Cash in on depreciation

Written on the 13 July 2009

A LEADING property consultant has found that claiming tax deductions for depreciation could save some investment property owners up to $17,600 for the last financial year.

Napier & Blakely managing director Alistair Walker says investment property owners with earned assessable income are able to claim depreciation on residential or non-residential properties.

Walker uses the example that if someone has an income of $100,000 a year, a five-year old commercial office building with a purchase price of $1 million and a land value of $200,000, then they could receive 32 per cent more in after tax income – an increase of $17,600.

“An interesting aside to all of this is that now we are in a low interest rate regime that many properties are now ‘cash positive’ and negative gearing is no longer relevant, so these tax deductions are even more appropriate,” he says.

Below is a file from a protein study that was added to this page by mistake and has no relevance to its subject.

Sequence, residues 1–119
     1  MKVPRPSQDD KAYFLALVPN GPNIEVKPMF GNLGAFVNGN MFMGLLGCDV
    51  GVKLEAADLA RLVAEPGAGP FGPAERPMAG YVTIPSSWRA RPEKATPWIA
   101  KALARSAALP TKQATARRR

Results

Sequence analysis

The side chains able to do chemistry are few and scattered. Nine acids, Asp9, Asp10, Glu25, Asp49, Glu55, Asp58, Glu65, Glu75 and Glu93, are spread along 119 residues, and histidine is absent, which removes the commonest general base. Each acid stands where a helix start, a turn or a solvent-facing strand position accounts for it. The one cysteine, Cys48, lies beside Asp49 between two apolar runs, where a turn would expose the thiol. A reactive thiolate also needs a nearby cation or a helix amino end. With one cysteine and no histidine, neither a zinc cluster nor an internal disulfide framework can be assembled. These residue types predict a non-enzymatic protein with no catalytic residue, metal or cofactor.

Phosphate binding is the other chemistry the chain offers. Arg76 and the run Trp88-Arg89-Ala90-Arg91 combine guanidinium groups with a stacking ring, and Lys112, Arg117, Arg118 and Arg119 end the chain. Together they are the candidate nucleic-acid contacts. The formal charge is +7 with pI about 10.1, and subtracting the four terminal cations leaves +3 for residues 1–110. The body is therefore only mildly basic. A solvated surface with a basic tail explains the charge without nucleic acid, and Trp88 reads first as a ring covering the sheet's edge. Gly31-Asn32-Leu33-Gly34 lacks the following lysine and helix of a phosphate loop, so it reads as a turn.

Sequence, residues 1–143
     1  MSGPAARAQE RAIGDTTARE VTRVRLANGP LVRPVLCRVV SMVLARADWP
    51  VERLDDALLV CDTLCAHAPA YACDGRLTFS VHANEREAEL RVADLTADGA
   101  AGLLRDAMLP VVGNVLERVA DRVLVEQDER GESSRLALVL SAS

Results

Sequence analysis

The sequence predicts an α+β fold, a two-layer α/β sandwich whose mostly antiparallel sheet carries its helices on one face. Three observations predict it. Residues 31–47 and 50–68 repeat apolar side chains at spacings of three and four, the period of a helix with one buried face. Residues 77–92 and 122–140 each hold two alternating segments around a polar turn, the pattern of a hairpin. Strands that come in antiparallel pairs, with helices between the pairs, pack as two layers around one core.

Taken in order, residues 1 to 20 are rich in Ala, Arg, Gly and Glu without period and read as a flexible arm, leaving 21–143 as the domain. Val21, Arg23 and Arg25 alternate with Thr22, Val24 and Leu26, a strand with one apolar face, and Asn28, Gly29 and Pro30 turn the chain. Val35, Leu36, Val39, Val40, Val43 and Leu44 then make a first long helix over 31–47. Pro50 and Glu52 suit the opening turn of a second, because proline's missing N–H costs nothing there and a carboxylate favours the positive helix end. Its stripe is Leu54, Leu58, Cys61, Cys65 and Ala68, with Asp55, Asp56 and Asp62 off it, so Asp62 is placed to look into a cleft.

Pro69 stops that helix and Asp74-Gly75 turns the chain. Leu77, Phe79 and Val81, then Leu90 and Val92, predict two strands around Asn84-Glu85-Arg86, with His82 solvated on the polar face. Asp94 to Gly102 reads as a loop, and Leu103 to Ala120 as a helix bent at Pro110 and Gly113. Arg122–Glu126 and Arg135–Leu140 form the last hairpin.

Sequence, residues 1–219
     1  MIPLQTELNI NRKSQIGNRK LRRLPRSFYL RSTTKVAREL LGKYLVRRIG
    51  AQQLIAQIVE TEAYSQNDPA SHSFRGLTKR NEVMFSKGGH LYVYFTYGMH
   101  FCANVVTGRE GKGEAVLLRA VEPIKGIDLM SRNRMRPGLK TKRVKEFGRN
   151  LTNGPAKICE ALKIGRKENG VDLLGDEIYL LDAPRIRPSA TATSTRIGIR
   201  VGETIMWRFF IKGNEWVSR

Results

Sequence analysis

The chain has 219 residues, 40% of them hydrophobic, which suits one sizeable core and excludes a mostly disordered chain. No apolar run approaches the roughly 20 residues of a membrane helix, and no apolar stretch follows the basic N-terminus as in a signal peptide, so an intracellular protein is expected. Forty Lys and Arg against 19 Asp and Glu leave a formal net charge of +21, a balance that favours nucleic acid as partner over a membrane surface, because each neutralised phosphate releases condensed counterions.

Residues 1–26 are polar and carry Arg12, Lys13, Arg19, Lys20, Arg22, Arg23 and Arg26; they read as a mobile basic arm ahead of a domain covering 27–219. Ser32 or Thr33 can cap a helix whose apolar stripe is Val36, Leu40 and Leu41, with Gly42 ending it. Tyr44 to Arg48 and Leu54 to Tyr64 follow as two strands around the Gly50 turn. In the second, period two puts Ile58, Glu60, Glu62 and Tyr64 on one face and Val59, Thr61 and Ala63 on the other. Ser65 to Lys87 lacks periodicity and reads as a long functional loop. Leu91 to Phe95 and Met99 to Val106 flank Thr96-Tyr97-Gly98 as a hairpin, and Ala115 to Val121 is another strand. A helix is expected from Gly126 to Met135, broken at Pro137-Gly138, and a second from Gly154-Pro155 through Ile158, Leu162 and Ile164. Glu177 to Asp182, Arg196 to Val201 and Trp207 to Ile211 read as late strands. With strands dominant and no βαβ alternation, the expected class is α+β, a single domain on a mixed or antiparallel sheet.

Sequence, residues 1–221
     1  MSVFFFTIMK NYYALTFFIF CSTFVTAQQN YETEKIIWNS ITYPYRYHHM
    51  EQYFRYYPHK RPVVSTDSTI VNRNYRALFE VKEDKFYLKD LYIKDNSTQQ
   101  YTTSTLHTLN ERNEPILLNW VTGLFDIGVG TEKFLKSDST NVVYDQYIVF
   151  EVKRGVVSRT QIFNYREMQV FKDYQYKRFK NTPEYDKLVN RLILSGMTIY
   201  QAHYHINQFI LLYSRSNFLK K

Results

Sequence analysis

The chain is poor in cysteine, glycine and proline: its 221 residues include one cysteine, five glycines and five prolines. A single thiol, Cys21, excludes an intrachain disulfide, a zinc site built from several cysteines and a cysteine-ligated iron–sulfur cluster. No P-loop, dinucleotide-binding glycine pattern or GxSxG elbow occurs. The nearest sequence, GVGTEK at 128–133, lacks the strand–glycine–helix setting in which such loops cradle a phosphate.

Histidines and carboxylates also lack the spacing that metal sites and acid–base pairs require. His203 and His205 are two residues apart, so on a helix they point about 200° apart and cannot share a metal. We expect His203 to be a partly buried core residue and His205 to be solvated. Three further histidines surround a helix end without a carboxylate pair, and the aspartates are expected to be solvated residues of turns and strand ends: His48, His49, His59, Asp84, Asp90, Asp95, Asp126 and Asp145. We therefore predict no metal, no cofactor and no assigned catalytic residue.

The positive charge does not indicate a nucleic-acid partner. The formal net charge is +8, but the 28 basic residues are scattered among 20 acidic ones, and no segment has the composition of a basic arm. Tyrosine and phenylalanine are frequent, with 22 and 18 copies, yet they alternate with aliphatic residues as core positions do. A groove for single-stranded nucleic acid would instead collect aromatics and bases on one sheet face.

“Property returns are measured and published as pre tax returns with very little or no emphasis on what an after tax position might be, something that we have been trying to change, as the numbers can be quite surprising.”

Walker points out that fewer tax deductions are available for high yield properties than for those with low yields, especially residential properties. But residential properties do offer better percentages in after tax cash.

He uses the example of an investor with an income of $26,000 per annum and a $600,000 high rise strata title apartment with a land value of $75,000 – in this case, claiming tax deductions would result in a 42 per cent increase in after tax cash.

“Obviously tax deductions will vary between different property types, the age of the property and sometimes by contract clauses at purchase.

“Generally speaking, if you would like to earn more cash from your investments then you should seriously consider the available deductions and have your investments analysed.”


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